Our Best Bets And Tips For Next Week’s USPGA Golf Championship

Next week sees the start of the Premier League football season and there is always a huge number of promotions and offers available at this time of the year. However, it is also the week of the fourth and final golf major of the year, and rather than get lost in amongst all the Premier League buzz, we thought we’d bring you our USPGA Championship preview a week earlier.

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And if you do that of course, then you will have plenty sloshing around in your account for you to bet with on one of the biggest golf events of the year. This year’s USPGA Championship takes place at Quail Hollow Golf Club in Charlotte, North Carolina and gets under way on Thursday 10th August in what promises to be an exciting and perhaps, unpredictable tournament.

Let’s take a little look at the history of the course itself and why players who may well be used to the course, will find the challenge this time around rather different.

Quail Hollow but Not As You Have Ever Seen It Before

If you are a fan of golf, in particular the US Tour, then you will certainly recognise the name of this years USPGA Championship course. That is because Quail Hollow has been a regular part of the US Tour for many years, first hosting the Wachovia Championship which became the Quail Hollow Championship which then went on to become the Wells Fargo Championship, as it is known today.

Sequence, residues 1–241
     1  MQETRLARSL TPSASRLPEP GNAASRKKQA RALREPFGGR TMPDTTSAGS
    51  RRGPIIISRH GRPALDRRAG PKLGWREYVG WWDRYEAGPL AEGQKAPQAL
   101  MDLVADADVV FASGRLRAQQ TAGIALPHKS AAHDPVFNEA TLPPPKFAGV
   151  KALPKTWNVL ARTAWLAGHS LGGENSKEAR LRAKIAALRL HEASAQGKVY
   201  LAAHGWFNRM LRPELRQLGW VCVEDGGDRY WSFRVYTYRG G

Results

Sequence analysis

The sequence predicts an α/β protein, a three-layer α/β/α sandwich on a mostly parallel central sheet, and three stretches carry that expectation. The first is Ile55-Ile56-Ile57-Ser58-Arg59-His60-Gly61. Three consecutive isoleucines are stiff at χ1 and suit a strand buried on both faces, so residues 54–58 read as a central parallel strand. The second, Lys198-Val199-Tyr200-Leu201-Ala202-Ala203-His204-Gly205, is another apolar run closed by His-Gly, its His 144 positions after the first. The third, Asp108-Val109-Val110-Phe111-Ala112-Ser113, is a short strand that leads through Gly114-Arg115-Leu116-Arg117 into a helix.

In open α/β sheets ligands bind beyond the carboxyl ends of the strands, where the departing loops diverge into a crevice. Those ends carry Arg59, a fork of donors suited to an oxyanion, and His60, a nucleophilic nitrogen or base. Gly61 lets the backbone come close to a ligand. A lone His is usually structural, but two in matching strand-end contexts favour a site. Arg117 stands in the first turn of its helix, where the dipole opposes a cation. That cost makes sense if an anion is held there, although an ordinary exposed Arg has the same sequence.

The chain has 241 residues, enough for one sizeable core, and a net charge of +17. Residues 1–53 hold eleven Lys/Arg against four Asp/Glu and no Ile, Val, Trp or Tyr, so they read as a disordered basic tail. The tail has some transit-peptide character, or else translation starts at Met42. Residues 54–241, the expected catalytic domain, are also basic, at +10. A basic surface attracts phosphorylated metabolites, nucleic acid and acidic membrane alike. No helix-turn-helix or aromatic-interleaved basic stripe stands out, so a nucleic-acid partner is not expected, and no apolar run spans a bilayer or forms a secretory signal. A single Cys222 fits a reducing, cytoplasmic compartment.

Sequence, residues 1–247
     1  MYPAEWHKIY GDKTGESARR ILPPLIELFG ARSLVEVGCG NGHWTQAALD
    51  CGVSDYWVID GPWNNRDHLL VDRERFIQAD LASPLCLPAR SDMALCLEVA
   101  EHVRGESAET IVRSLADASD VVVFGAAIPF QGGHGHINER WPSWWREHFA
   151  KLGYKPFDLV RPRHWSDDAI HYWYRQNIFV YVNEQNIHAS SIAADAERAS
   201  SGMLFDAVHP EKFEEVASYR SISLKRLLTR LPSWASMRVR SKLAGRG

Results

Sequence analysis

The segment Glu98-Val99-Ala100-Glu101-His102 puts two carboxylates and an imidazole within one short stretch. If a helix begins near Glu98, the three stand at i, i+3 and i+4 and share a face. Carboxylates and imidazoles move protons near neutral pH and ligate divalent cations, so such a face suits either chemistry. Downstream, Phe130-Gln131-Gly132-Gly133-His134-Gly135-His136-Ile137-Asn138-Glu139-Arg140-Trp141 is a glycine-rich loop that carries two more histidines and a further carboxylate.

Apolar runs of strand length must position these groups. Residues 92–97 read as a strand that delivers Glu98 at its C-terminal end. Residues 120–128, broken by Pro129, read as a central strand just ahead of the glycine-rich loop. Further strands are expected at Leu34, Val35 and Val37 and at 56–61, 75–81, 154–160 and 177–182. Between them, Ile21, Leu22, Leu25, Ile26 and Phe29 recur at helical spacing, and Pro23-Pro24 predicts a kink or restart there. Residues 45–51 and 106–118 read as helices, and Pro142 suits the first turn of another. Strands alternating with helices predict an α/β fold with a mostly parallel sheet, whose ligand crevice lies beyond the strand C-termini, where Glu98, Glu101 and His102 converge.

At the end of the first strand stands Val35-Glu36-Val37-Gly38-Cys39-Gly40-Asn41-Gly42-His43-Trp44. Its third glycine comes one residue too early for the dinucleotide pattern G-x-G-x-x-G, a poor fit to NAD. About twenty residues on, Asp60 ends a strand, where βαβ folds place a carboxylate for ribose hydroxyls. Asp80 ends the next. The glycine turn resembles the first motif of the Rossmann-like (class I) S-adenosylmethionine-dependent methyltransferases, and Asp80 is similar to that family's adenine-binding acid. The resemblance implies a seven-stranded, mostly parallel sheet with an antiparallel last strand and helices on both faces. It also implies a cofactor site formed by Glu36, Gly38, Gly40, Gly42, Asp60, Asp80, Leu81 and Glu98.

However, this is the first time that Quail Hollow has ever hosted a Major championship and in preparation for that, this year’s Wells Fargo Championship was played at a different course in North Carolina, while Quail Hollow was undergoing 90 days of frantic alterations and preparations ready for this event.

Those changes saw several holes altered and lengthened, while the structure of certain holes were changed. While these changes offer a different challenge, the fact that the course has planted more Bermuda grass, rather than the original Rye grass, could have implications for the players.

That’s because Bermuda grass tends to see the ball roll on more than Rye, which means it is more difficult for players to judge distance and control shots. It can also grab the club in the rough more readily which makes playing from the first or second cut more of a challenge.

What is certain is that Quail Hollow 2017, is very different from the course that most players will remember playing on over the past 10 years or so. It remains to be seen whether those alterations have a positive or negative impact, although with this being a Major, it seems likely that the course is only going to play a lot tougher.

The History of the USPGA Championship

This is the 99th USPGA Championship but the first held at Quail Hollow. The winner will take home a massive $1,890,000 in prize money, the fourth biggest prize in cash terms on the US Tour (behind the US Open, Masters and Players Championship)..